Pricing Benchmarks for Oil: West Texas Intermediate (WTI) is a benchmark at which oils produced in the U.S. trade. Internationally, about two-thirds of all crude contracts reference a Brent benchmark. For various reasons, internationally priced oil (Brent) has traded at a premium to domestic priced crudes (WTI) for the past decade6.

    Stated another way, domestic U.S. oil has been trading at a discount from Internationally priced Brent Oil.

    Spread Between Brent Versus WTI
    6 Historically, some reasons have included the U.S. export ban on most crudes resulting from the Arab Oil Embargo in the 1970's; excess domestic production and storage.

    What the Heck Is Going On? With the exceptional increase in U.S. oil production from tight shale formations/fracking (e.g., North Dakota, Texas, etc.) there is good and bad news:

    1. Most of this oil is high quality light crude, relatively easy to refine in refineries that are not terribly complex.
    2. However, many U.S. refineries can not use this lighter oil.

    Design of U.S. Refineries: Prior to the shale boom, many U.S. Refiners guessed wrong in their planning. They spent billions of dollars to configure plants for heavier and sour foreign oils (the type from Canada and OPEC countries). For example, a high percentage of refineries (especially the Gulf Coast) have coking capacity that can upgrade heavy crude oil into higher-valued lighter products.7

    (7) As of January 1, 2014, there were 133 operating refineries with atmospheric crude oil distillation units (ACDU) totaling capacity of 18.9 million barrels per stream day. Heavy capacity denotes refineries with coking capacity; light capacity denotes refineries without coking capacity..

    As a result of this infrastructure investment, the U.S. now has more complex Refineries than anywhere else in the world -- as shown in the below graphic which includes the Nelson Complexity Index:

    Understanding the U.S. regional (called PADDs) composition of refineries ranging from simpler to complex (catalytic crackers, reformers, cokers) help explain the type of oils primarily used within each region.8
    (8) Recognizing that higher and lower API oils are always blended for specific Refineries to optimize production.

    For example, Refineries in PADD 1 (East Coast) are generally not terribly complex and thus will use more lighter oils. In PADD 3 (Gulf Coast), 81% of Refineries have coking capacity -- explaining their use of more heavier oils.
    U.S. Oil Field
    Primary Source & Type of
    Crude Used in Refineries9
    PADD 1
    Domestic Light
    PADD 2
    Canada Heavy
    PADD 3
    Heavier Foreign
    PADD 4
    Canada Heavy & U.S. Light
    PADD 5
    50% Foreign Heavy

    The overwhelming majority of Canadian oil goes to PADD 2. Most of the Middle East imports are received in PADD 3 (e.g., Saudi Arabia owned Motiva Refineries). Heavy crude imports from Mexico and Venezuela also primarily go to PADD 3 (e.g., Venezuela's CITGO Refineries). The majority of African oil is consumed in PADD 1.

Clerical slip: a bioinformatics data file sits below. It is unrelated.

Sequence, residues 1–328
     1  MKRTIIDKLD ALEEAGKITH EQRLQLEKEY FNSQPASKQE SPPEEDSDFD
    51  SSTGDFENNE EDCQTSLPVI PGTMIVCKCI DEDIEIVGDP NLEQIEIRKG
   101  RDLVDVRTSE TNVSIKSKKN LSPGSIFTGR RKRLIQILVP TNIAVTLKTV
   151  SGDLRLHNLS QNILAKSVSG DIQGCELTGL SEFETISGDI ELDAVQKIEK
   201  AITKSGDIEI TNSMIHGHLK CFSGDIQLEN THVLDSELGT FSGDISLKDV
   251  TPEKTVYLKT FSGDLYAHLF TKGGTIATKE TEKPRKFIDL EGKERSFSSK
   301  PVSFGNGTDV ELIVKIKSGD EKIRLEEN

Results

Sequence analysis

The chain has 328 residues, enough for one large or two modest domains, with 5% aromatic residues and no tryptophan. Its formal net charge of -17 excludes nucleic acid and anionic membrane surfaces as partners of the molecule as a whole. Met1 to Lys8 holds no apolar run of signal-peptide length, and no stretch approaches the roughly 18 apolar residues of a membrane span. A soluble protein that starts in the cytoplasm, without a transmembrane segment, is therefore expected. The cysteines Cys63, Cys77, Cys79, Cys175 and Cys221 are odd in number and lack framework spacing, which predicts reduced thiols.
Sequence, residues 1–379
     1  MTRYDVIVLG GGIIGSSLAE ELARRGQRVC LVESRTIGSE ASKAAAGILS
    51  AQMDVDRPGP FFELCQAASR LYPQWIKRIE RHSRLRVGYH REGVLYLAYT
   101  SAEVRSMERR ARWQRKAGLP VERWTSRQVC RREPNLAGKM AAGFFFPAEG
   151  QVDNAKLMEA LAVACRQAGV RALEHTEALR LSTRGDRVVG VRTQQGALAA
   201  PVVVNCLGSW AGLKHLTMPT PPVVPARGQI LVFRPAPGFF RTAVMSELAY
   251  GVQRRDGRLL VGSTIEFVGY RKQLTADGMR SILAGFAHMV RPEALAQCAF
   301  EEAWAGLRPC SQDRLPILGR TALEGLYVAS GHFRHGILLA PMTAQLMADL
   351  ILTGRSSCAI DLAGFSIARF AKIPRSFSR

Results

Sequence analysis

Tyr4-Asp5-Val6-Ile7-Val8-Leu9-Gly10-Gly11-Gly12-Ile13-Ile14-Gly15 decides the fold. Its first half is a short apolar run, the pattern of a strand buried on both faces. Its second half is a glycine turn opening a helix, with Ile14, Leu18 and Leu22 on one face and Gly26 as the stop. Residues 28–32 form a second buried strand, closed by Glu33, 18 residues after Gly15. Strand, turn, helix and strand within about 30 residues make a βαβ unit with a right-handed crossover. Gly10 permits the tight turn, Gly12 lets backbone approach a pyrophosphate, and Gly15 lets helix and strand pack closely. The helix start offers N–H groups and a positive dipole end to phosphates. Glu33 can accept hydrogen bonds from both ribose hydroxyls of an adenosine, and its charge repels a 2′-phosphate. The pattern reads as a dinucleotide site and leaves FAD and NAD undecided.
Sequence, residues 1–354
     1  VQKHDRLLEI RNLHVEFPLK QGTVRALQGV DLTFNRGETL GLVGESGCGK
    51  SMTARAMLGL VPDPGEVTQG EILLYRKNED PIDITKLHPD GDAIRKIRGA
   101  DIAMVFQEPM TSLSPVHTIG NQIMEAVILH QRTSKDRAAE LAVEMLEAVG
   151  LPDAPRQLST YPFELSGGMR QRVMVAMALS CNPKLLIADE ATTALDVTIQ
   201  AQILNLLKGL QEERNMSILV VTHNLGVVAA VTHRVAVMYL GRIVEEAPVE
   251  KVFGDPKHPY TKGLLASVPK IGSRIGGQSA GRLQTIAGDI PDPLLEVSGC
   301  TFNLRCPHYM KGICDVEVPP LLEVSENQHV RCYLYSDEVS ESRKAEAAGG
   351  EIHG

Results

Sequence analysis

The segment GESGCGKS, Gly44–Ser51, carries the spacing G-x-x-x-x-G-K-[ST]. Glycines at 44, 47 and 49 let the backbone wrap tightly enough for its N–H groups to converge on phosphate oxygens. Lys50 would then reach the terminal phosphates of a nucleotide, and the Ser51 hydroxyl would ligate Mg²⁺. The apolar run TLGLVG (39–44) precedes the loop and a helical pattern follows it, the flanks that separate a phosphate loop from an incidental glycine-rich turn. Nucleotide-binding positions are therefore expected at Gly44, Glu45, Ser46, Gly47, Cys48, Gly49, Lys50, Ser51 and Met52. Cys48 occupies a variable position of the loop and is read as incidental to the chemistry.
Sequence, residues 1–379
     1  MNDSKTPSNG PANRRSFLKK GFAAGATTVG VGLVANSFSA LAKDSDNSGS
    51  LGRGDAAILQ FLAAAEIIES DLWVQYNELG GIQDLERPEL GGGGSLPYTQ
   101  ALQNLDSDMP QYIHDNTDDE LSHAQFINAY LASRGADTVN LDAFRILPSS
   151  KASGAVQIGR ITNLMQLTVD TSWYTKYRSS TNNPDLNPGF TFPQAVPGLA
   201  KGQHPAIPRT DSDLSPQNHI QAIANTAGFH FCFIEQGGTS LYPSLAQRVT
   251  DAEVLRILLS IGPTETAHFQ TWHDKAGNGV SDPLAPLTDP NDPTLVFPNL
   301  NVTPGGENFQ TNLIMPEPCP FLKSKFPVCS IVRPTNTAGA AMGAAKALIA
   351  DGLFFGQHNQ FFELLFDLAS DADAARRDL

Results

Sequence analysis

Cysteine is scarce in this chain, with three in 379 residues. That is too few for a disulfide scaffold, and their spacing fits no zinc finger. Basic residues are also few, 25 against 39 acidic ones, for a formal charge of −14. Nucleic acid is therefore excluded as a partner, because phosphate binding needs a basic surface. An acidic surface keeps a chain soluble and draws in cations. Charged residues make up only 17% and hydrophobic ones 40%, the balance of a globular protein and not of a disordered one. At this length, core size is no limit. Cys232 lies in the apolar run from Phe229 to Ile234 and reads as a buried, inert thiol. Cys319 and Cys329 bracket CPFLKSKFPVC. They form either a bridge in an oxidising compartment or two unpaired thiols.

(9) U.S. Department of Energy Report, pages 15, 26.

    Arbitrage: But historically, there's been more to understanding U.S. imports and exports other than just Refinery configuration -- something called arbitrage.

    Oil Arbitrage: The practice of U.S. Refineries buying lower cost U.S. light oil (pegged to WTI), refining it, and exporting/selling gasoline to World markets that mostly used higher cost oil (pegged to Brent).

    Gasoline is an international commodity. A U.S. refiner could as easily sell their product to the international market if that would maximize their profit. According to the U.S. Department of Energy study, "Brent crude oil prices are more important than WTI crude oil prices as a determinant of U.S. gasoline prices".10

    Thus, U.S. Refineries have had two highly significant market advantages in selling high-end products to both the U.S. and World markets (gasoline to Mexico & South America; diesel to Europe):

    1. Financial Arbitrage on lighter oils.
    2. Ability to use lower cost heavier crudes in complex Refineries.
    The impact of these structural advantages are reflected in the below graphic -- where U.S. Refineries can have a profit margin as much as $6/bbl over their international competitors:10
    (10) US refining flexibility sustains export opportunities, profitability.

    Nobody Knows Just How Dependent the U.S. is on Foreign Oil?   As previously argued, using a dependency metric of Net Imports would be totally appropriate under a paradigm/model where crude is imported, refined, with the end-product (e.g., gasoline) of this foreign oil exported:
    But the Import/Export Paradigm isn't this simple as U.S. Refineries also:
    (1) Process Domestic lighter crudes into gasoline and diesel fuel for export;
    (2) Import heavier foreign crudes for Domestic consumption:

    Additional Flows of U.S. Refineries' Imports/Exports
    Exporting gasoline produced from domestic light crude to China wouldn't
    decrease U.S. foreign dependency on heavy crude imports from Saudi Arabia.

    Thus in using Net Imports as a dependency metric, it would be important to know its composition. Remember, the basic tenent in using Net Imports is that somehow, Exports decrease U.S. Gross Imports dependency.11
    (11) Gross Imports of 49% minus Exports of 25% equals Net Imports of 24%.